The bracing, all-encompassing majesty of sport is that the best team doesn’t always win. What sells out stadiums as newly promoted teams face championship sides is precisely that, the belief that on any given day, anything can happen. From back when Goliath didn’t see it coming, looking down to wonder what that little dude was doing, giants have toppled.
And yet, the better team usually wins, and with soul-crushing regularity. Regulars gather in bars and living rooms to console themselves with the almosts and what ifs of the vanquished, the magic of retrospect, because that’s easier sometimes than saying that like death and taxes, the better team is usually going to whip your ass.
Paris St.-Germain understands that now, that what happens every now and again is what needs to happen for a lesser team to beat a better one: mistakes must be made, and the lesser team must play exceptionally well. This occurred in their house, the Parc des Princes, as Barça gave up balls, went to sleep on set pieces and the narrative was born that PSG kicked Barça butt as the latter looked a mess.
Only a few, foolish culers dared to say that despite looking at sixes and sevens for most of match, Barça still managed a couple of goals and it was only a heroic intervention on the PSG doorstep that kept a team that played kinda crappy from walking away with a share of the points.
So when that very same PSG rolled into the Camp Nou as the only unbeaten team in Europe, and with its superstar, Zlatan Ibrahimovic back, it took a certain kind of culer to worry. The others were divided into two camps of the same mind: Barça is going to win. It is going to beat a team that is isn’t supposed to and win a group that it shouldn’t, because what else would happen?
One side based that belief in success on the whimsy of the supporter. Of course my team is going to win, because I always expect it to win. The other side based it on logic, that Barça didn’t play very well in the previous match, didn’t have Luis Suarez, made plenty of errors and further, PSG is less well-equipped to defeat Barça with its talisman in the lineup. Further still a result should be expected because Barça is playing better and better, rounding into shape as gradually as would be expected from a team with a new coach and staff, 8 new players and a passel of doubt to overcome, but it is coming into shape nonetheless, and is a better team than the group that lost to PSG.
But another, equally important group of supporters have to also believe, and that is the athletes. Sport doesn’t leave room for doubt. In the milliseconds that can decide the difference between an outstretched toe poking a ball away and a defender arriving just a smidge too late, there isn’t any room at all for doubt. Doubt is a luxury the desperate can’t afford and make no mistake about it, FC Barcelona is desperate.
After a season at the end of which nothing of import could be reported, a season in which doubt was allowed to rear its head in a statement from a talismanic player, you wonder what really happened to bring the team that handful of goals short. Talent gets you some of the way, but belief gets you the rest.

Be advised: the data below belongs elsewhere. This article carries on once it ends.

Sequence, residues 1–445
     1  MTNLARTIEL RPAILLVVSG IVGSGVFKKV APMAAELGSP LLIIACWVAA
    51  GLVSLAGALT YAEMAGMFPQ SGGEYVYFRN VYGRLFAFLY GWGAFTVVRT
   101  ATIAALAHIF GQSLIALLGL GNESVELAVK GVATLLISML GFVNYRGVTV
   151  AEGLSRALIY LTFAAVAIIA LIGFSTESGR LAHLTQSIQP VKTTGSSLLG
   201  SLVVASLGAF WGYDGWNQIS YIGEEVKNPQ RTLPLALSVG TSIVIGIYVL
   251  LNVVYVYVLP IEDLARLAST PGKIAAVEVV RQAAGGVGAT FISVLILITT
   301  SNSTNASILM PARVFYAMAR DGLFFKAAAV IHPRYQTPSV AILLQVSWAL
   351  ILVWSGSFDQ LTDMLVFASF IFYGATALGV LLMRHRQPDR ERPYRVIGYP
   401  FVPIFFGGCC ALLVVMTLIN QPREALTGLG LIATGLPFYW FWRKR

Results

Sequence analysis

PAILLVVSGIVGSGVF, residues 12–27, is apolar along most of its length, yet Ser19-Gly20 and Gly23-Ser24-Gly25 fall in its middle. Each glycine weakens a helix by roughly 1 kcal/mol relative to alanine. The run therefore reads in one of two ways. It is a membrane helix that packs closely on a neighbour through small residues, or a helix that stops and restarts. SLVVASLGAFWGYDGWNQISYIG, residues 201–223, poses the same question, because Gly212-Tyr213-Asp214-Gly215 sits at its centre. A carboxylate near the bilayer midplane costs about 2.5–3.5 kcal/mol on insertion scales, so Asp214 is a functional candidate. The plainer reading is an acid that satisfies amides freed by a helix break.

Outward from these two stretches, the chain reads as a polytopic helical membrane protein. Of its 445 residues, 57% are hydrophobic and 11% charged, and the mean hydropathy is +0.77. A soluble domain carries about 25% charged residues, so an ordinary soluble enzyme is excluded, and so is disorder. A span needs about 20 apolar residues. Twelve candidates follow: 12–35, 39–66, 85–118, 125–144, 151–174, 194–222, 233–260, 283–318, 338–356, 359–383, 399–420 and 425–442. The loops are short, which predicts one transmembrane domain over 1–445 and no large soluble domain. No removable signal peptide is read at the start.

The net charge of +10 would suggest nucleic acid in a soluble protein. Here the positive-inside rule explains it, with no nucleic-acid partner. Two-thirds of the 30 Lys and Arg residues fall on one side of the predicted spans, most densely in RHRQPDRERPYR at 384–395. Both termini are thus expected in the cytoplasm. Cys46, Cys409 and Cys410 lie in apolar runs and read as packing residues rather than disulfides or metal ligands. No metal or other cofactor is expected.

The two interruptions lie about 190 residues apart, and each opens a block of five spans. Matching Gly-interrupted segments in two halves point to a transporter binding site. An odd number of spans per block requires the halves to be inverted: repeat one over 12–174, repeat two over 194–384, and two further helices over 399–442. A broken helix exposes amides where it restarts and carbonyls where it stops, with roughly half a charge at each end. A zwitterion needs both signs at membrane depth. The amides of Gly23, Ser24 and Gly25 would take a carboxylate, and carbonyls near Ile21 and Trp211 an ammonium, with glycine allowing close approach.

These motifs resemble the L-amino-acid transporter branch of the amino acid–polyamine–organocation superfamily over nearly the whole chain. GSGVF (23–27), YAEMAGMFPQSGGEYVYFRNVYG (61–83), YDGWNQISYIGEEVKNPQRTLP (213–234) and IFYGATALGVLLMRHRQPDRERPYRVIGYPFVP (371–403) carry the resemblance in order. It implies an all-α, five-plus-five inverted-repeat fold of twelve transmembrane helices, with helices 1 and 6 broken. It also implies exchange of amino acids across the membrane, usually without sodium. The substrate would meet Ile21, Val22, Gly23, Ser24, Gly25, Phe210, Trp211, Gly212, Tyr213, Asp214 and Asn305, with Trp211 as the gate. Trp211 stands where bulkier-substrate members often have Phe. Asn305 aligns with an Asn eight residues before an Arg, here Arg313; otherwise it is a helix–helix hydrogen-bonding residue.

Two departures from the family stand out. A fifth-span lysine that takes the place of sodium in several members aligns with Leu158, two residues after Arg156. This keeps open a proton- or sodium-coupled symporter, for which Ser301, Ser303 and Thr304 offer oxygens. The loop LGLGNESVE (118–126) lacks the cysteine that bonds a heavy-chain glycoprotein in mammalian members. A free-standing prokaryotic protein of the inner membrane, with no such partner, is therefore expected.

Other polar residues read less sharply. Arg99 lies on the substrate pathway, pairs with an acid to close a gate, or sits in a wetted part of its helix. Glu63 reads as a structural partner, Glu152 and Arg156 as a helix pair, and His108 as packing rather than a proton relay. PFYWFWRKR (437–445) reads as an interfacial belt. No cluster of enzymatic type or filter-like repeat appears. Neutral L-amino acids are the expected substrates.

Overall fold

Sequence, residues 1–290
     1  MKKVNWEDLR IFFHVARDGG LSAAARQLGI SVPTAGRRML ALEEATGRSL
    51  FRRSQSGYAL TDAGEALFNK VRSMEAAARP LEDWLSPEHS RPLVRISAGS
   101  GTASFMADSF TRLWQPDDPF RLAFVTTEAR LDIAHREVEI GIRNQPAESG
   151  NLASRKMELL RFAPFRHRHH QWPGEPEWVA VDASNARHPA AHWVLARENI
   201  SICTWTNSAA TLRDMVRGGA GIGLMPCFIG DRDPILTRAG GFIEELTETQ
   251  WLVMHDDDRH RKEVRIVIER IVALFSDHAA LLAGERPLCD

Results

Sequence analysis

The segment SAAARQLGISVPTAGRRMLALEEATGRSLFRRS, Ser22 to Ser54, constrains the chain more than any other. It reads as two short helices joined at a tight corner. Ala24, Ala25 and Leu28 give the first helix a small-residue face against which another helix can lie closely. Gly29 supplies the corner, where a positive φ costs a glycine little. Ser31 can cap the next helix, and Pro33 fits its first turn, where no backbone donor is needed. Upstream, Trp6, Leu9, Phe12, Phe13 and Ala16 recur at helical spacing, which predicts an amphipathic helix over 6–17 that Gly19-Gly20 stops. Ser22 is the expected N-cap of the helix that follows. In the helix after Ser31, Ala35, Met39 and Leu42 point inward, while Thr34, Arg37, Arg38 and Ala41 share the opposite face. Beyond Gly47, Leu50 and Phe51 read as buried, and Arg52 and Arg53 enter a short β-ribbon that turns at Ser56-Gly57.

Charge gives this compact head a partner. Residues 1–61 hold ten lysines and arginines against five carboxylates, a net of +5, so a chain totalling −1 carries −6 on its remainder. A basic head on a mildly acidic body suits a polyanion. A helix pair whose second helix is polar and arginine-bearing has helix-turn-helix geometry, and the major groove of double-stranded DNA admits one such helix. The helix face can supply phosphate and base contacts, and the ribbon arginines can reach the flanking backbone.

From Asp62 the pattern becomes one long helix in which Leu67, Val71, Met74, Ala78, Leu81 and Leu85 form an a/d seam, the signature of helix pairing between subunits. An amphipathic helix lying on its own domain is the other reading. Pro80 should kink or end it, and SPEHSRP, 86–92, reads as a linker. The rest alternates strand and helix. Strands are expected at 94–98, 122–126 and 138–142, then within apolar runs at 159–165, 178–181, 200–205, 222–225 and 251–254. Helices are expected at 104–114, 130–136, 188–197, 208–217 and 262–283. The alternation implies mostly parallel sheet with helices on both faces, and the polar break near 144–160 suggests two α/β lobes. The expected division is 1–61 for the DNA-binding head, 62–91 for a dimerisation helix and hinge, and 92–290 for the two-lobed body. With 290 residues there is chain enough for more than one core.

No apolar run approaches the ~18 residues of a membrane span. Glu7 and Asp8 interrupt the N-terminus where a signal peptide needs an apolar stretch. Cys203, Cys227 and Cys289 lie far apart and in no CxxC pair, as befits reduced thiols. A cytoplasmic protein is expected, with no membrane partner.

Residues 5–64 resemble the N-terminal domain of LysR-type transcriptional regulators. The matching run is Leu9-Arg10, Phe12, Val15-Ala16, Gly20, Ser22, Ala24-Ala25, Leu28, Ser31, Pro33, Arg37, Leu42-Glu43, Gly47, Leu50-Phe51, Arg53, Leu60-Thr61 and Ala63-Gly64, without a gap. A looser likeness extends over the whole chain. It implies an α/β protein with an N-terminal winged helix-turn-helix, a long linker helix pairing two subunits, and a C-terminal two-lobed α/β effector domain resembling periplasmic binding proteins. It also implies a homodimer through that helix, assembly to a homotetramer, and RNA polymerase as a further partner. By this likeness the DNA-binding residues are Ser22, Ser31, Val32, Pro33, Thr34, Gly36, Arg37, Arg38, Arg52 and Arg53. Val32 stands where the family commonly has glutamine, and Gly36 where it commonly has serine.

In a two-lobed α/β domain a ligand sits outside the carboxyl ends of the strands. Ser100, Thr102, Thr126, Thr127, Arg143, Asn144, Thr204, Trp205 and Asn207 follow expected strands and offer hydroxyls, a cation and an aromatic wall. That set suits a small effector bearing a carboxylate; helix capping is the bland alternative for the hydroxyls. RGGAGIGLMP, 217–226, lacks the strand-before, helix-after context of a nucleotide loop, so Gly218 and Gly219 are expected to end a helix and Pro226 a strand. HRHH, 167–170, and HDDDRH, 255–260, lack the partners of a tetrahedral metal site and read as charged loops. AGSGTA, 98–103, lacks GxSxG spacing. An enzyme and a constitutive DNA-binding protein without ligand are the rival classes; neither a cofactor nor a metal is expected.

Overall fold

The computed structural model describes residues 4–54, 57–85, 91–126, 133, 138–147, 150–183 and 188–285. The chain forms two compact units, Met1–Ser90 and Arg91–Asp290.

Wednesday, at the end of 80 minutes, a group of players in blaugrana, stroking the ball around, keeping it away from a team of talented athletes that many expected to bring destruction, at the apogee of each one of those delicate passes was belief.
Barça has a coach in Luis Enrique, who by all accounts isn’t interested in doubt, or what anyone thinks of him. His belief is complete and unwavering. As people wondered whether he was the ideal coach to lead this group of athletes, not many gave any weight to that personal conviction, that ability to make capering millionaires understand that if they do what they are supposed to, the belief that if you follow my system, success will come.
After the match, Pedro’s words percolated with belief. Iniesta said Enrique didn’t allow them to doubt, to not believe, that he knows what he wants. In a world seemingly wracked with doubt and worry, the coach and the players knew, and believed.
So when the starting XI came out today, there was an explosion of sorts, because nobody quite knew what to make of it. Ter Stegen, Bartra, Pique, Mascherano, Mathieu, Busquets, Pedro, Messi, Neymar, Suarez.
–Was Pedro the right back?
–Was Bartra the right back?
–Was this a double pivot?
–Wait, are they going to play a 3-4-3?
Brains hurt as people tried to figure out permutations, while others said this lineup was further evidence that Enrique didn’t know what he was doing. Some media figures suggested that the team didn’t practice with this lineup, based on the scant information they were allowed to gather during their supervised practice session visits — because yes, the team is going to work out its secret plans in front of the press.
Doubt and the necessity to lock Barça into a rigid formation created a carpet of doubt and worry, even as some were excited by the possibilities of a coach who looked at what he had and, whether out of necessity (Dani Alves was suspended) or inspiration, decided to shake things up.